by | August 24, 2021

At Scouts, 

we would bash the trees

and see what little creatures

fell out:

watch them scramble

in plastic ice cream tubs,

taking up space
only how they are told.

Villages are puddles:

at my feet I see

myself in blue gingham,

Nutella smeared

at the corners of my mouth,

but before I can meet her

eye, a girl in pink wellies

stamps on it.

In a soft blur of leaves,

the nature reserve

whispers to me

about pond-dipping

(god, I hated that),

about squatting

among trees, watching

creatures squirm as we gawp

at their fragile bodies.

I broke my wrist

when I was four,

falling from monkey bars,

landing, limbs almost plaited,

like a tangled skipping rope.

Just a sprain.

My granny couldn’t believe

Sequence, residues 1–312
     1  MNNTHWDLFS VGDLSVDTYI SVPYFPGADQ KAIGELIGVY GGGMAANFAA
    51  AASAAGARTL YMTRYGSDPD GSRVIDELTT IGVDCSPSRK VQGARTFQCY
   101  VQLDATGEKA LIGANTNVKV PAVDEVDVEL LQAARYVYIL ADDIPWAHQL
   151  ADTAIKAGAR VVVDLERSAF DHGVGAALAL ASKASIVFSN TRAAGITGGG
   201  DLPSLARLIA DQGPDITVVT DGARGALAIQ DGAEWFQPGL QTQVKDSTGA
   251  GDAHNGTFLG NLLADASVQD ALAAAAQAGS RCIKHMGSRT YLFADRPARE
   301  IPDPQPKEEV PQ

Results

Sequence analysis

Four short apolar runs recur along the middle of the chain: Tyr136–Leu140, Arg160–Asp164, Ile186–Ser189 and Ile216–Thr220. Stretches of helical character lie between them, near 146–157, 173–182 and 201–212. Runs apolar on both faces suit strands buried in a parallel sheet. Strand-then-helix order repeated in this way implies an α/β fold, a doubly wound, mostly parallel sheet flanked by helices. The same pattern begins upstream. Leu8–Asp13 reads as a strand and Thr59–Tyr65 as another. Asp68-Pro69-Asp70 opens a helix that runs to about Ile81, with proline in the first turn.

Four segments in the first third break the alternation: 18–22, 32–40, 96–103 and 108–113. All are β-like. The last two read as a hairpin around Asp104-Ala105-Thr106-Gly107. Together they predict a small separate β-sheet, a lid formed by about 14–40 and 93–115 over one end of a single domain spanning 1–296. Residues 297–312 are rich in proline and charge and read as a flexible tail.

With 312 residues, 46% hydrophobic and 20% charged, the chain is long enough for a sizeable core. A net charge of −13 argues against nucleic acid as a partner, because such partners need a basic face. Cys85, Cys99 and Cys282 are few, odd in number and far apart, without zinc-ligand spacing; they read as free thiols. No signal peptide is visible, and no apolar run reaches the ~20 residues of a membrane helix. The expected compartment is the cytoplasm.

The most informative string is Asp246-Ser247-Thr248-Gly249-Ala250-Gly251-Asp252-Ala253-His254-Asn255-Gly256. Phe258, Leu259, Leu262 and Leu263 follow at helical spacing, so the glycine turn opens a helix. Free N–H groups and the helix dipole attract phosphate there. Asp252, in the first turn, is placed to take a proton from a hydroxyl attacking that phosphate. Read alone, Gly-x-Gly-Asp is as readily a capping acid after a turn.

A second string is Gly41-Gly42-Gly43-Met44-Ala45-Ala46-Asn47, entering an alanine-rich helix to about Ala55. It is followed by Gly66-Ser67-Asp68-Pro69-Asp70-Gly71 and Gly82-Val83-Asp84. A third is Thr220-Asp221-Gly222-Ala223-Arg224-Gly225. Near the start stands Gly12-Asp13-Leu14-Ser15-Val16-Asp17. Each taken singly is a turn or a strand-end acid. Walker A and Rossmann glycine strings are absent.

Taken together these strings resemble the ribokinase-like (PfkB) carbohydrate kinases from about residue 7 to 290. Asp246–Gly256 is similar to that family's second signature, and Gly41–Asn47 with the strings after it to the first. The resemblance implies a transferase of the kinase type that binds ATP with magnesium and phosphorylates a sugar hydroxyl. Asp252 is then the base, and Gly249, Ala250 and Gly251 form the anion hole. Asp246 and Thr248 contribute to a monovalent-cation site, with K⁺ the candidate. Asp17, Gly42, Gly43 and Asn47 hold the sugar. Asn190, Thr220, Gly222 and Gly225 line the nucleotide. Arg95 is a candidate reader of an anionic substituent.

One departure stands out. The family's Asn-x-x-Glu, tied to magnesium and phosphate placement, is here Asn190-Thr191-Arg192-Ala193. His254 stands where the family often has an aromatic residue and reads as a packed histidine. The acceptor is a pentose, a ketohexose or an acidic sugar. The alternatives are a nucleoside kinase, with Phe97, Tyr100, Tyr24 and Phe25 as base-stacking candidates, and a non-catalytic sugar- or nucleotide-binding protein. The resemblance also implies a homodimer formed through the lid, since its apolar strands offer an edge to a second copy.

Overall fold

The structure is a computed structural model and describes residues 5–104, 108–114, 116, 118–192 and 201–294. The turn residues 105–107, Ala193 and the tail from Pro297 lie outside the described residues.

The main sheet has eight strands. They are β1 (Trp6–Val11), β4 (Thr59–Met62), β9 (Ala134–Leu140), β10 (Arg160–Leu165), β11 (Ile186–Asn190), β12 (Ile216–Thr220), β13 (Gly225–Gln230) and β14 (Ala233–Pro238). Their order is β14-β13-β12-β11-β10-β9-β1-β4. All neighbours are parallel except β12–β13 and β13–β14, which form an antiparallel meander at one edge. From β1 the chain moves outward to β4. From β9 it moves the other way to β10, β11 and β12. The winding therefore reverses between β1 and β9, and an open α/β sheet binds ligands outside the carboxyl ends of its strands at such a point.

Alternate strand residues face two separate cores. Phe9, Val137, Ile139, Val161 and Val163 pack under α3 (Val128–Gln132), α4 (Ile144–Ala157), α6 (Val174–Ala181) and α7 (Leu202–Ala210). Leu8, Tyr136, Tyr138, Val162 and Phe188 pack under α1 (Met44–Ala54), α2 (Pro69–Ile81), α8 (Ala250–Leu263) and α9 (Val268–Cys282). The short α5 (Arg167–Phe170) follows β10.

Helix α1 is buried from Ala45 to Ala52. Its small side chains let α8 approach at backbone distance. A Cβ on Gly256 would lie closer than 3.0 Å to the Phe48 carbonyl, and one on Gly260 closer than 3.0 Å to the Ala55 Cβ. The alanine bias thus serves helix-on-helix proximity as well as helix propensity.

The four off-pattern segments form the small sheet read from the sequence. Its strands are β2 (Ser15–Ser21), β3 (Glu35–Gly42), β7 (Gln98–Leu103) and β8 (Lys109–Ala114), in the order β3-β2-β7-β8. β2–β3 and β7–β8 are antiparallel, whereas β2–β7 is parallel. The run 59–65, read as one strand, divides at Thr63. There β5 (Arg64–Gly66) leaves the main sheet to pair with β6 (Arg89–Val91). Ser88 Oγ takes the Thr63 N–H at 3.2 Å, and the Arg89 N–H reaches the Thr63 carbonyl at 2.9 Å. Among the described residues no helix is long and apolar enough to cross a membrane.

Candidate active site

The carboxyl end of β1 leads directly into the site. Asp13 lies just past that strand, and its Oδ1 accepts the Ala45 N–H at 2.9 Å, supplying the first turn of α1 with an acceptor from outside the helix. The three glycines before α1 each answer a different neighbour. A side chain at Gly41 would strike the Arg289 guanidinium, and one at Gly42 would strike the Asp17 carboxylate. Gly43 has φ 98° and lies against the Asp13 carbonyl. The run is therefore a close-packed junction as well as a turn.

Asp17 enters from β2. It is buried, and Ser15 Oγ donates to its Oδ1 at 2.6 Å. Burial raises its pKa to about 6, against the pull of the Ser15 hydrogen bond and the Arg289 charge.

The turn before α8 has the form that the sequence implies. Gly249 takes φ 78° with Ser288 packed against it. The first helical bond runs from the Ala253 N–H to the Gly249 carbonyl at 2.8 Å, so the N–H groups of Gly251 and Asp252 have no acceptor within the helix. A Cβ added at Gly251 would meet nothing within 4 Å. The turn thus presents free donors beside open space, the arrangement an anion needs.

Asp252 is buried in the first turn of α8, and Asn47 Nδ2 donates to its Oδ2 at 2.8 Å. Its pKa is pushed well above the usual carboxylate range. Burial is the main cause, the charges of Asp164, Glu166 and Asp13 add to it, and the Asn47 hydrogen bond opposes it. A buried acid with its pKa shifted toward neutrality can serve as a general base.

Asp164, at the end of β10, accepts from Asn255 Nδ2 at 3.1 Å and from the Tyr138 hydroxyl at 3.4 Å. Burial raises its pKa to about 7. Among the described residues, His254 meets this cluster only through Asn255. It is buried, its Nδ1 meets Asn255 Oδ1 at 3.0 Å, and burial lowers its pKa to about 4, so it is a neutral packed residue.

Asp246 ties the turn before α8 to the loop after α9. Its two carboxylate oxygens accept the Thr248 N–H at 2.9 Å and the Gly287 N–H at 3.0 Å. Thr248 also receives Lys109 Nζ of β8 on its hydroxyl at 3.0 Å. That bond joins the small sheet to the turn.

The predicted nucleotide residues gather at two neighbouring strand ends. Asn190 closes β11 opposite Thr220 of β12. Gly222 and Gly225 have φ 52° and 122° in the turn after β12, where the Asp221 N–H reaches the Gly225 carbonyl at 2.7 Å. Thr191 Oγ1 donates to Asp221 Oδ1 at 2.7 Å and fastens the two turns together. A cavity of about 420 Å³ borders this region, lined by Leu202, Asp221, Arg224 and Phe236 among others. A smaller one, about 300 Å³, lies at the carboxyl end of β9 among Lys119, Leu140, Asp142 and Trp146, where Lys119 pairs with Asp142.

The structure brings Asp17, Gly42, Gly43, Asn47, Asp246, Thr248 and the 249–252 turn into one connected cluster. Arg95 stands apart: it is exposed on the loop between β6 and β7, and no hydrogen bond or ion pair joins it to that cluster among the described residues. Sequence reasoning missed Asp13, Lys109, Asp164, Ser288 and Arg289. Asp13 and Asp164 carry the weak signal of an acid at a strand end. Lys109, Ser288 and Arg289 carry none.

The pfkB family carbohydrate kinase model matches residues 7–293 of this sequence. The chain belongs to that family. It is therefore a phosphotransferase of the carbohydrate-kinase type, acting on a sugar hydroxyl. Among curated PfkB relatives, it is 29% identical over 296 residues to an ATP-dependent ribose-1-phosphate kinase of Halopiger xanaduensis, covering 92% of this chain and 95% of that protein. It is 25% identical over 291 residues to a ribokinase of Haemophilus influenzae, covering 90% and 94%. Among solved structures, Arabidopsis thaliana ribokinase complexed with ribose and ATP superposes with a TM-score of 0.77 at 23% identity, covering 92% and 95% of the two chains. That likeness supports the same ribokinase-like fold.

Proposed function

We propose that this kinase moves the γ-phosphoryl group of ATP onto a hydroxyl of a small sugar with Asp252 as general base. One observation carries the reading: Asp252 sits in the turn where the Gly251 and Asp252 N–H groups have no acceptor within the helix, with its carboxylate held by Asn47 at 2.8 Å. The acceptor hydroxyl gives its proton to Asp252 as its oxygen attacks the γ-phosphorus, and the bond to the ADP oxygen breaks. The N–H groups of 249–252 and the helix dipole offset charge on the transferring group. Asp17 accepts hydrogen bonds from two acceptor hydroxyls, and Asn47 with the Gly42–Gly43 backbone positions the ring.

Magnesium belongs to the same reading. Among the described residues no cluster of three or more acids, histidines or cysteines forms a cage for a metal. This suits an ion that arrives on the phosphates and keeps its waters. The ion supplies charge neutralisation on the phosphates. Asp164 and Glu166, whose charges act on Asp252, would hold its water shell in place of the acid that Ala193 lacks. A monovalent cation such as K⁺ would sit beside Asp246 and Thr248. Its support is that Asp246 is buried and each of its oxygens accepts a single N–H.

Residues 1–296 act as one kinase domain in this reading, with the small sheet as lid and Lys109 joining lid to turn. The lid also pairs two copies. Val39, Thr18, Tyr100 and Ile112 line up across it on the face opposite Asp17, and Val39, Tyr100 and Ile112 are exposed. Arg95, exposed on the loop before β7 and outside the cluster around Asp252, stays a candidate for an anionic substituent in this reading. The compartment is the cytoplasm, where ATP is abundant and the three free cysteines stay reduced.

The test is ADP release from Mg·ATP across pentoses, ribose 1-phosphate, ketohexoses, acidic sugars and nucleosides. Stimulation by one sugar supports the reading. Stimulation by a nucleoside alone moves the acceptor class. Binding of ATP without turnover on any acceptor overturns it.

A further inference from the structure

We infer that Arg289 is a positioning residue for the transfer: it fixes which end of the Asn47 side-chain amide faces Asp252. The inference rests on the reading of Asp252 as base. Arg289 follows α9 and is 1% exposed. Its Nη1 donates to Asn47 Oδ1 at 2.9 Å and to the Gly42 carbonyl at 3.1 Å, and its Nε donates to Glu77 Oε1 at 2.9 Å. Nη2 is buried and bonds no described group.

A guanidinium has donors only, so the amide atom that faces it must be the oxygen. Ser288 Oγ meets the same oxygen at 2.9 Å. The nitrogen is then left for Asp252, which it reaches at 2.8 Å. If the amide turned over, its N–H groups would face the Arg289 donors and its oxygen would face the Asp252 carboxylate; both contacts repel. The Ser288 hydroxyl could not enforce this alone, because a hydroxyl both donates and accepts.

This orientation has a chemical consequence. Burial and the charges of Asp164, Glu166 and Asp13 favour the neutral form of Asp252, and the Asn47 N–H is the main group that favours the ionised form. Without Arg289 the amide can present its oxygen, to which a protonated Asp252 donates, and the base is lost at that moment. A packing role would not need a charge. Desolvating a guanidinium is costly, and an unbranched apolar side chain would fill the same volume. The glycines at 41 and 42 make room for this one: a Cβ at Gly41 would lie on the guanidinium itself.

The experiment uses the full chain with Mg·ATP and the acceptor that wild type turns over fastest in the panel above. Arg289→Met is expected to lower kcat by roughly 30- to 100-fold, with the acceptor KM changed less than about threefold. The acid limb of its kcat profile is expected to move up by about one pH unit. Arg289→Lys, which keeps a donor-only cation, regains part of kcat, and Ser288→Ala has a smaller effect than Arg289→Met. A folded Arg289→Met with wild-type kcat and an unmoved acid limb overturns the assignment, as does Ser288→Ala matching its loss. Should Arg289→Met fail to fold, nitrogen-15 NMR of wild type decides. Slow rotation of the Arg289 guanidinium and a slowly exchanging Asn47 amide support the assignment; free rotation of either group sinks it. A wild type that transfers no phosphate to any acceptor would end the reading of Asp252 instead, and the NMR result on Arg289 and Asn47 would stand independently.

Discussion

I was really that fragile.


The afternoon sun

over the village hall

winks at me now, 

as if she knows

about the time I stood

outside the entrance,

flirting with a boy

I didn’t like. Unlike me,

she never wanted to leave.

She peers over the roofs

as though cheating on her SATs,

copying my memories. Nothing

I do goes unseen,

my every movement taken down 

in someone else’s handwriting. 

Now, I am the spark 

of an electric shock on the metal slide. 

Standing among the trees, I watch the little creatures 

at my feet disappearing before I can work out what they are, who they are. 

I stamp in the puddle myself, letting the cold water shock me into seeing this place

like a postcard.

Words by Katie Kirkpatrick. Art by Nat Cheung.